Meta-analysis Evaluates Evidence for Clinical Impact of PPIs in Patients on DAPT
Observational studies and RCTs assessing whether proton pump inhibitors (PPIs)—some of which may interfere with clopidogrel activation—worsen cardiovascular outcomes when used in conjunction with dual antiplatelet therapy (DAPT) yield conflicting results, according to a meta-analysis published in the January 2015 issue of Circulation: Cardiovascular Quality and Outcomes.
Given that modeling and propensity-score matching may not fully resolve the possibility of selection biases in observational studies, there remains a need for future randomized studies “combining the assessment of pharmacodynamic parameters and their association with clinical outcomes,” investigators say.
Reviewing the medical literature between 1995 and July 2012, investigators led by Chiara Melloni, MD, MHS, of the Duke Clinical Research Institute (Durham, NC), analyzed 35 studies reporting outcomes of patients with unstable angina or NSTEMI. Five (4 RCTs and 1 observational study) assessed the effect of omeprazole or esomeprazole (Nexium; AstraZeneca) added to DAPT compared with DAPT alone, while the other 30 (all observational) looked at the effect of PPIs as a class compared with no PPI use in the setting of DAPT.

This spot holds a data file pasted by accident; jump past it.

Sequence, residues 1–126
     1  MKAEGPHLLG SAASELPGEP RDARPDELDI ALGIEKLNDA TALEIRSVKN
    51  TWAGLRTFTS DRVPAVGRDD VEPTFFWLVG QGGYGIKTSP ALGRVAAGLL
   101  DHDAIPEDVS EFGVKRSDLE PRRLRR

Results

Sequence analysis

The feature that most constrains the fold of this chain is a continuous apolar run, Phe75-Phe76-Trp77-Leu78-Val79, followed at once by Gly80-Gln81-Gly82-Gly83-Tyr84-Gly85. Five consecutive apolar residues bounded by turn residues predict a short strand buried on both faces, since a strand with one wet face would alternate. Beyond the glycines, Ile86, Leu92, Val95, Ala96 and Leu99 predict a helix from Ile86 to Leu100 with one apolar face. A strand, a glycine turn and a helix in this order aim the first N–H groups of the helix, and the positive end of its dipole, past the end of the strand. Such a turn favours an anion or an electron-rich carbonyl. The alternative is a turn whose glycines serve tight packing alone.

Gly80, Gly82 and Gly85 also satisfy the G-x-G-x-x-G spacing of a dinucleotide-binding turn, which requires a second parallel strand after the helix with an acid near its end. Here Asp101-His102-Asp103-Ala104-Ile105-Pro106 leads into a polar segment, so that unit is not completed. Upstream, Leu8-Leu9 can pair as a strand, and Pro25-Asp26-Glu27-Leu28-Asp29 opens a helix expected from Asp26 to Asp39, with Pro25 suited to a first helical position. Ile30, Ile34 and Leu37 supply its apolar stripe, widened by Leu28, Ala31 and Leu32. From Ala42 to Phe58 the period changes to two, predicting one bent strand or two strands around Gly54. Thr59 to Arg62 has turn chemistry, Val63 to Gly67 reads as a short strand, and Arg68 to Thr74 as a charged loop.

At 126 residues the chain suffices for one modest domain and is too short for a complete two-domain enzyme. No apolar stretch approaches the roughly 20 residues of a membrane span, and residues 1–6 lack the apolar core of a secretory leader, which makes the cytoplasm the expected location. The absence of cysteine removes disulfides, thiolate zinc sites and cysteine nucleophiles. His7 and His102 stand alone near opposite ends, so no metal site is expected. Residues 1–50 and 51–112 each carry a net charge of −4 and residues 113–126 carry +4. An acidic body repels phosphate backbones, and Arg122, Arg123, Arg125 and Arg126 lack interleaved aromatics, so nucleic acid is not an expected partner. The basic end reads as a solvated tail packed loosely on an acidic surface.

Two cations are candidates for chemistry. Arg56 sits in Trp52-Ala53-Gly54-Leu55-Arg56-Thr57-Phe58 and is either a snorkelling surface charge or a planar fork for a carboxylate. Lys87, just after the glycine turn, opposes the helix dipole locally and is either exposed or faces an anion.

Mixed Bag of Evidence
To accommodate the heterogeneity of the studies, random-effects models were used for all outcomes. Meta-analyses of the studies assessing PPIs as a class consistently reported higher 1-year event rates in patients receiving the drugs, while data from RCTs evaluating omeprazole vs placebo showed no difference in ischemic outcomes. According to the authors, the strength of evidence was low for most outcomes and only moderate for combined all-cause mortality/nonfatal MI and all-cause mortality alone (table 1).